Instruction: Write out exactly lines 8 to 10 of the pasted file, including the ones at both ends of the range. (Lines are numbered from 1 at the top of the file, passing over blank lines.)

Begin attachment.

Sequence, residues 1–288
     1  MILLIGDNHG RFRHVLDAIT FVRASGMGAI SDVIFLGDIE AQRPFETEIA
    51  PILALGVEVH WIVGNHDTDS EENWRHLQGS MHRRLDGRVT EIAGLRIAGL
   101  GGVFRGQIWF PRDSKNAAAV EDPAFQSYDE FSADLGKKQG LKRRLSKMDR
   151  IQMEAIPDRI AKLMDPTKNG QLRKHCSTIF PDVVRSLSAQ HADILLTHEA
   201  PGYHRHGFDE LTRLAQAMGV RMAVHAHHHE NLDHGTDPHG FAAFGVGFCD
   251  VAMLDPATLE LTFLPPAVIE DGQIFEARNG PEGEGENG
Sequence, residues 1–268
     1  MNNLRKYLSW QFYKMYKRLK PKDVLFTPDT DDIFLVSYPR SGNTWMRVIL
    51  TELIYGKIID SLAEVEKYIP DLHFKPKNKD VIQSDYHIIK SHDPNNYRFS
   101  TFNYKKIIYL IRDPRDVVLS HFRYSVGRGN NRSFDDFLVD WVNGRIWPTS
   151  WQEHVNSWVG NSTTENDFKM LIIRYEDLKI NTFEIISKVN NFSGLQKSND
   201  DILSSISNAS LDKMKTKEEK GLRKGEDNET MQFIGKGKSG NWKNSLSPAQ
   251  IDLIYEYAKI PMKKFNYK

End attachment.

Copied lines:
Sequence, residues 1–268
     1  MNNLRKYLSW QFYKMYKRLK PKDVLFTPDT DDIFLVSYPR SGNTWMRVIL
    51  TELIYGKIID SLAEVEKYIP DLHFKPKNKD VIQSDYHIIK SHDPNNYRFS